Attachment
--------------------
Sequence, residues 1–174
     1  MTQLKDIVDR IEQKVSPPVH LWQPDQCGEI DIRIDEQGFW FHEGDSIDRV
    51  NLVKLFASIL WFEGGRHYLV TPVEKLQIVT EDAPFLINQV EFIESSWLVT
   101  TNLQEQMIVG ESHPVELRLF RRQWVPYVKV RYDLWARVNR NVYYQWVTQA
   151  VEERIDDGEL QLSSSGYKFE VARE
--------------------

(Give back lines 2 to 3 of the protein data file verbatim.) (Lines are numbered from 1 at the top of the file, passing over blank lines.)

     1  MTQLKDIVDR IEQKVSPPVH LWQPDQCGEI DIRIDEQGFW FHEGDSIDRV
    51  NLVKLFASIL WFEGGRHYLV TPVEKLQIVT EDAPFLINQV EFIESSWLVT